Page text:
As part of our Improving Literacy in Science course, we ask teachers to observe how children navigate nonfiction when reading independently. Teachers’ insights from this gap task have been fascinating. Many have noted similar reading behaviour to that highlighted by Moss. This has implications not only for nonfiction publishing, but teaching too. Just because a book looks inviting and attractive doesn’t mean it will support children’s reading or understanding.

Diagrams, charts and graphs, when used well, also support understanding. Again the quality in recently published books is variable. Sometimes the overall look and feel of a page are given priority over the clear communication of an idea. In science, diagrams convey complicated processes and often need to show dynamics, which can be difficult in two dimensions. There are conventions to be learnt, like the use of arrows, that make it easier to interpret. However, I have seen instances recently of diagrams without legends or keys to help make sense of them. There is room for improvement!

The best illustrators and photographers make us see a subject in a new light and provide clarity when needed. The choice of illustrator makes a huge difference to the success of a book. Jennie Desmond’s illustrations for Nicola Davies, One World, add depth to the central concept. Emily Sutton’s illustrations for Tiny, awaken us to the beauty of the microbiotic world. Paleoartist Gabriel Ugueto’s artwork for Bend Garrod’s Extinct series, imagines prehistoric works with a well-researched accuracy but also brings drama and excitement to the reading experience. Steve Bloom’s breathtaking photographs in Elephant, highlight details that make us look at elephants in a completely new way – noticing eyelashes, the undersides of their feet, and the signs of old age.

This leads me to the point that there are nowhere near enough books with high-quality photographs. This is partly a fashion choice but I have also heard the argument photographs date quickly and are expensive. It’s a pity because a really good photograph has the capacity to provoke discussion. And book talk is essential to children’s nonfiction reading experience, in and out of school.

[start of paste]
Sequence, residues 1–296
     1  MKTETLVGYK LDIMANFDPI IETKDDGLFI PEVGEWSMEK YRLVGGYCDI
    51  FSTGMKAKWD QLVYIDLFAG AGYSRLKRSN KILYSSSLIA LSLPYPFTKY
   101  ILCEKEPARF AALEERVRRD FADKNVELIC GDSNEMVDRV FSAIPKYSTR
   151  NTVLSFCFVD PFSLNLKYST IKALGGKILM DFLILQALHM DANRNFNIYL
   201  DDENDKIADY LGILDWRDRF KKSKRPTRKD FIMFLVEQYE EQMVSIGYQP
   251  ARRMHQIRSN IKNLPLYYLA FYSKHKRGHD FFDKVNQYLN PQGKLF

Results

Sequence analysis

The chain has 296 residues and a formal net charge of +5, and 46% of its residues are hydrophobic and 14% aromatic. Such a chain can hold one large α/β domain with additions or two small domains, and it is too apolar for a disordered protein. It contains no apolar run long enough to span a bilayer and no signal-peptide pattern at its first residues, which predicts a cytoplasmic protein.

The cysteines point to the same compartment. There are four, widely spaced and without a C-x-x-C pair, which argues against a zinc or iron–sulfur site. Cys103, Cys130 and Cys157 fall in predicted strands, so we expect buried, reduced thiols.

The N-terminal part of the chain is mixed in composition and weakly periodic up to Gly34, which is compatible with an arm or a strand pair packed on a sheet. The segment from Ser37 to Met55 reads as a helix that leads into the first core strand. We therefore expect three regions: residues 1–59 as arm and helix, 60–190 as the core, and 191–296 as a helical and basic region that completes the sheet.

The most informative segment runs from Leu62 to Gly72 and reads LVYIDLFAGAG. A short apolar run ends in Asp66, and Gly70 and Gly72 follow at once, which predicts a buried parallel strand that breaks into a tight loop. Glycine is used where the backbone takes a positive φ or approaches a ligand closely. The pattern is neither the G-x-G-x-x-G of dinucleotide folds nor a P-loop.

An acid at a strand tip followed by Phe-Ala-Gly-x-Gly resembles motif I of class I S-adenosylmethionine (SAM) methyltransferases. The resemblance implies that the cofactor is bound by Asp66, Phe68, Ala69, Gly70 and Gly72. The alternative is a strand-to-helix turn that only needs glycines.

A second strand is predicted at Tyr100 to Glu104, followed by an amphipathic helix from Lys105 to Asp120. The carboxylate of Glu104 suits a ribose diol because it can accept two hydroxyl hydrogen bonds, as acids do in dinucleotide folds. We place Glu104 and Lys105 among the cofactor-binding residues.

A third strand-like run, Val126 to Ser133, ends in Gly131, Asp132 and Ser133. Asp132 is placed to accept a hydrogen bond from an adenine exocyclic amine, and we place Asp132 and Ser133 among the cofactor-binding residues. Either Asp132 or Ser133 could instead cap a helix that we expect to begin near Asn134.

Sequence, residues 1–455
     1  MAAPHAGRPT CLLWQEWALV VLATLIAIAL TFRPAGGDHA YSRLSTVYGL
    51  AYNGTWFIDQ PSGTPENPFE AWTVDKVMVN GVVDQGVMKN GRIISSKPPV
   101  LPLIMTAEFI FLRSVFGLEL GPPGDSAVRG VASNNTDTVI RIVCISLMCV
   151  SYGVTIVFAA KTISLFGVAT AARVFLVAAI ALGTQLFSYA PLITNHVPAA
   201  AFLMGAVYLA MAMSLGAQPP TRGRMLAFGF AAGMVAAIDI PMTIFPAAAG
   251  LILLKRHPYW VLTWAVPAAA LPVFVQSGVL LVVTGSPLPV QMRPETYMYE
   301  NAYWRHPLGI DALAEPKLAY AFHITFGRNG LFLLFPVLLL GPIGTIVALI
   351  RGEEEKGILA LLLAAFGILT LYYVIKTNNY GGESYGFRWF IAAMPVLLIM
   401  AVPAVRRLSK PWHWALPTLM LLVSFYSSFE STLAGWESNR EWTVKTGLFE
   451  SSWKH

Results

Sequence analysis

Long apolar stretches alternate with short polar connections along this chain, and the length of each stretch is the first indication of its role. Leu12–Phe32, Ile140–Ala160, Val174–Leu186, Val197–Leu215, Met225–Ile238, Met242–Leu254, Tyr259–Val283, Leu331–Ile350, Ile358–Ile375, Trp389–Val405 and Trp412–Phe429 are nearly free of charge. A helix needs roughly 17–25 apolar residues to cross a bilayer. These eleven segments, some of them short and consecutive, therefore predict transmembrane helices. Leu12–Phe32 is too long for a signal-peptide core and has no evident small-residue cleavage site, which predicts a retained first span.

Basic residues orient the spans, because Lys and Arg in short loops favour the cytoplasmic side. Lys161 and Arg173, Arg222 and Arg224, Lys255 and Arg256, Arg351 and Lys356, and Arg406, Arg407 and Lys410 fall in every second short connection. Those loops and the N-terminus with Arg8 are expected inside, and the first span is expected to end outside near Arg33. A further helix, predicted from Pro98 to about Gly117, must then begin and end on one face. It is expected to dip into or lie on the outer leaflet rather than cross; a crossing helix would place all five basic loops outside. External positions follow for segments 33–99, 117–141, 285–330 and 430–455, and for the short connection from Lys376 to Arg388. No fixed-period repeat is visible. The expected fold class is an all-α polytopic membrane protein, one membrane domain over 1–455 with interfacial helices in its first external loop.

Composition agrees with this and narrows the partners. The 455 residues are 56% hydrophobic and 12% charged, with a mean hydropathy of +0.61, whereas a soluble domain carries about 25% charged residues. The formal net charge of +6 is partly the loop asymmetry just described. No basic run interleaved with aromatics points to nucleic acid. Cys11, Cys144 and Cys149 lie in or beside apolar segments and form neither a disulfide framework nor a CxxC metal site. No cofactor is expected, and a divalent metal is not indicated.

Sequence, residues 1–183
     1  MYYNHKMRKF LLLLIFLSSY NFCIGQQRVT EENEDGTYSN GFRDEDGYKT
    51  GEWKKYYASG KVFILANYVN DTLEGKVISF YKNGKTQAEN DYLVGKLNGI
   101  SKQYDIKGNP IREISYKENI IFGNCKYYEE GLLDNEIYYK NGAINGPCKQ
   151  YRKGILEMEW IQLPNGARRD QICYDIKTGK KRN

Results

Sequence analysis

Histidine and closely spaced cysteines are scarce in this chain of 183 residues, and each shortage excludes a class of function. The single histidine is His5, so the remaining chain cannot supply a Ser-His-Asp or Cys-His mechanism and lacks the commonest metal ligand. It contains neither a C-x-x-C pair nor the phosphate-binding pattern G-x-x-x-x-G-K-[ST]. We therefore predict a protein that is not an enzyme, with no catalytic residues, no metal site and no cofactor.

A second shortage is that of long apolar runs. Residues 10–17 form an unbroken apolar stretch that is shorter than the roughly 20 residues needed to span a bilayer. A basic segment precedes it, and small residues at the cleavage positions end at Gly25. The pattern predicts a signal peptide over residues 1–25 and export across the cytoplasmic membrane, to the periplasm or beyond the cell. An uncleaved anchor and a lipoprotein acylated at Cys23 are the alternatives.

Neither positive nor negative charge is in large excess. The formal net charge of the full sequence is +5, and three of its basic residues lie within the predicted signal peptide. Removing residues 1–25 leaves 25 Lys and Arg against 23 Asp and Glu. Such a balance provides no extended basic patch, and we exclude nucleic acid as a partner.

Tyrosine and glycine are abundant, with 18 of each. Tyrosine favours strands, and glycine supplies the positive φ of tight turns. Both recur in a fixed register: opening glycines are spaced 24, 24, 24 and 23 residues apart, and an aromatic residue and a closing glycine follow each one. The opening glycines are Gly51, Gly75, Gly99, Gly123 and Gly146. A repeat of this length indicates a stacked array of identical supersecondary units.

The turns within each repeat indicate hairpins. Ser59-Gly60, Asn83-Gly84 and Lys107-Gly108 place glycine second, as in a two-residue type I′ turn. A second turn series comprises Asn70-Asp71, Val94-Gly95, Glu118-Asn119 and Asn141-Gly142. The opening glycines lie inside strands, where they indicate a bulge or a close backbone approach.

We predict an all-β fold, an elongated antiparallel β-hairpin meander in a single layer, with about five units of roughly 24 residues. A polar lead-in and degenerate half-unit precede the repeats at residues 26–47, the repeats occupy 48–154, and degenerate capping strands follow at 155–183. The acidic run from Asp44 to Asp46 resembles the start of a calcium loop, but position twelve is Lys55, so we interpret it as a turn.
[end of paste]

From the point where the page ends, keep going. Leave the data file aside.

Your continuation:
Good design is crucial

Good design cannot be overestimated. On my desk, as I am writing, I have an appealing book about physics, and it’s crammed with fascinating information. Each spread looks enticing, but navigating around the page is a nightmare. The eye is immediately drawn to strong visuals, the accompanying text is small. Poor colour choice of font on a black background does little to help a young reader (and if you have a visual impairment, this will be doubly challenging). It’s hard to know which text relates to which image. or what needs to be read first. As it happens, it’s crucial to read the page in a specific order. The content is about blue stars, yellow stars and red giants, but the colours in the diagrams do not match the colours of the different stages. The red giant is pictured yellow as it explodes. And because the text explaining the process is not proximal to the image, it is confusing. As an experienced reader, I will take the time to work it out, but most young readers will skip on to the next page, none the wiser.

Publishers that have impressed me recently with the clarity of design include What on Earth Publishing, b small, Walker Books, Scallywag Press, Phaidon and Nosy Crow.

Choosing nonfiction for the classroom

So bearing all of this in mind, here are some of the criteria we use when choosing nonfiction books for our collections, and especially for our Take One Book programme.

  • Is the book engaging? Does it engage us? Do we think it will engage children?
  • Is the writer’s voice friendly, knowledgeable, authoritative, speculative, thoughtful, didactic, or patronising?
  • Can we make an assessment of the writer’s authority on a subject? Have experts been consulted? Is this made clear to readers?
  • Are some sources cited (without the text becoming bogged down)? Is this information addressed to the child reader, or is it assumed that there is an adult reading the end matter?
  • Does the book invite the reader to question?
  • Is provisional language used where appropriate (probably, possible, estimated, it is thought that)
  • Does the writer try to connect with the reader’s likely knowledge and experience to build new knowledge and understanding?
  • Is the design attractive? Does the design enhance the reading experience or inhibit it?
  • Are the illustrations, diagrams, charts etc, informative? Are drawn, and photographic illustrations used to their best effect. Are they given enough space?
  • Is technical vocabulary introduced clearly? If a glossary is needed, are the definitions easy to understand and child-friendly?

Are we in a golden age of children’s nonfiction publishing?

Finally, to return to the question we started with. Well, there is plenty to celebrate. The nonfiction phoenix has risen from the ashes it appeared to be consigned to a decade ago. I am constantly delighted by the variety and original perspectives of nonfiction publishing, whether it’s Black History from a musical perspective, geopolitics viewed through the lens of physical geography, the life of a stone age hunter-gatherer from an author’s first-hand experience of living like our stone age ancestors or observations of the natural world from the perspective of a 13-year-old naturalist. We have a pool of highly talented writers and illustrators, many of them experts in the subjects they are writing about. And there are some highly creative publishers who also keep in mind the needs of young readers. But there is room for improvement, too, as this brief blog suggests. I can’t wait to see what the next few months have in store.